Quantcast

NYCHA is key to restoring a city for all

Gregory Floyd | 11/28/2013, 6 a.m.
Gregory Flyod

Mayor-elect Bill de Blasio won the election in large part by emphasizing that New York was no longer one city but two—one where the rich use the city as their playground and another where many people are just struggling to survive. New York is divided, and that divide is growing bigger every day. Now de Blasio is calling on us to help him build one New York where we all rise together. Teamsters Local 237 is with him because we know that coming together is the only way we can all succeed.

In recent weeks, as the mayor-elect has begun assembling the team that will pick the next generation of leaders at City Hall, many have asked if he can achieve the lofty goals he set out in his campaign. However, setting lofty goals is the right course of action, because if we don’t aim high, we’ll never get there.

Challenge number one is public housing. As the union representing more than 8,000 New York City Housing Authority (NYCHA) employees, Local 237 Teamsters is committed to working to fix the public housing crisis that was left to fester under the Bloomberg administration. We will work with de Blasio to carry out his campaign manifesto, to “bring NYCHA up to code with real, substantive repairs made by a dedicated workforce.” And by working together, there’s no problem we can’t tackle.

The city persecutes landlords who don’t provide heat, repair elevators and remove toxic mold, but they turn a blind eye when that neglect happens in public housing. As public advocate, de Blasio introduced and passed the Heat Enforcement for All Tenants (HEAT) Act, strengthening penalties on slumlords trying to cut costs by cutting off tenants’ heat. We will work with the de Blasio administration to ensure those same standards are applied to NYCHA developments as well.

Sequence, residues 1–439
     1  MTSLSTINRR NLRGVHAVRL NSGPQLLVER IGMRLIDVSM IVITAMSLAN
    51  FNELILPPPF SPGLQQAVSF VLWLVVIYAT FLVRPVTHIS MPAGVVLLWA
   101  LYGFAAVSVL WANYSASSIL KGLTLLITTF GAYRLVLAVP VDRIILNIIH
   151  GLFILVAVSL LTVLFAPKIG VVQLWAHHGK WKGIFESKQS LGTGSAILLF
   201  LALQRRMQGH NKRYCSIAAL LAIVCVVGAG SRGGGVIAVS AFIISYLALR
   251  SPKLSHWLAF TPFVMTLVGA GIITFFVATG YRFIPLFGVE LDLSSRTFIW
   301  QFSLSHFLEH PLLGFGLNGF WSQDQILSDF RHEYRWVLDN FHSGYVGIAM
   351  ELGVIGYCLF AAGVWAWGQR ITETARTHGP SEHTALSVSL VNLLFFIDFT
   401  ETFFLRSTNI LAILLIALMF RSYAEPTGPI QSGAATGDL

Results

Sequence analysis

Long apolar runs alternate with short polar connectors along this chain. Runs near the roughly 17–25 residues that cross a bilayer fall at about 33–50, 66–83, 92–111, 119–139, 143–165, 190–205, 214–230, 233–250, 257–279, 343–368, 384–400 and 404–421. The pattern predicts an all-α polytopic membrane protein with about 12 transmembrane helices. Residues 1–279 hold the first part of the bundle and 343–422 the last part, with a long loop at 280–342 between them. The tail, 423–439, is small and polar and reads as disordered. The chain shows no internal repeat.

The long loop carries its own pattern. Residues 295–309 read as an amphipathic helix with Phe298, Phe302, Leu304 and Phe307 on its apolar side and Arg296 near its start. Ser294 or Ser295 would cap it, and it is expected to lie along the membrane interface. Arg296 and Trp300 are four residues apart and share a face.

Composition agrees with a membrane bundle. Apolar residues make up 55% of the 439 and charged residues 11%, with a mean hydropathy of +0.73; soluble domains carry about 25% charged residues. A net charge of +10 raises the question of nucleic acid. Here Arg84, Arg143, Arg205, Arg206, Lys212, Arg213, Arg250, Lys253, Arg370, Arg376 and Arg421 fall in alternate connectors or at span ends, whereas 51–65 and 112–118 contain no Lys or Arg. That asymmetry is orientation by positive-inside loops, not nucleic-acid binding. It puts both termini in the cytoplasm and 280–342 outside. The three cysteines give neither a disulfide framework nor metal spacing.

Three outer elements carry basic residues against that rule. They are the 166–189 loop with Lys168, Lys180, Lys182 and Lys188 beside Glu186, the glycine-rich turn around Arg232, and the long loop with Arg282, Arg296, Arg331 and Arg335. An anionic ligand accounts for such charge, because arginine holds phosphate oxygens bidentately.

For those who think we can’t succeed, look at what we have already done. Thanks to Local 237’s work with Task Force members and other NYCHA labor unions, we have already helped to change the management structure at NYCHA by making it more inclusive of actual NYCHA tenants. We have brought the issue of public housing to the top of the agenda.

The next step is to remove NYCHA Chairman John Rhea and the rest of his top staff, which we anticipate as soon as de Blasio takes office in January. We need a chairman who treats residents and workers with the compassion and conscientiousness they deserve as the backbone of the city’s middle class. With new leadership, we will hopefully see more new ideas like those we have suggested in the past, including streamlining operation processes and decentralizing repair appointments.

As we work with de Blasio, we hope he continues to put faith in the public workers who get the job done and stop the costly outsourcing. That faith must also include a new contract for NYCHA workers. We have put our head down and sacrificed by forgoing any cost of living increase while the city funded other pressing issues, like rebuilding after the devastation of Hurricane Sandy. It is now time to receive what we are owed—a contract with the city with proper back pay to pay off the debt we were asked to incur as a result of our sacrifice.

We know de Blasio is committed to bringing back New York City’s middle class, and Local 237 stands with him in that fight because the road to renewed prosperity runs right through NYCHA.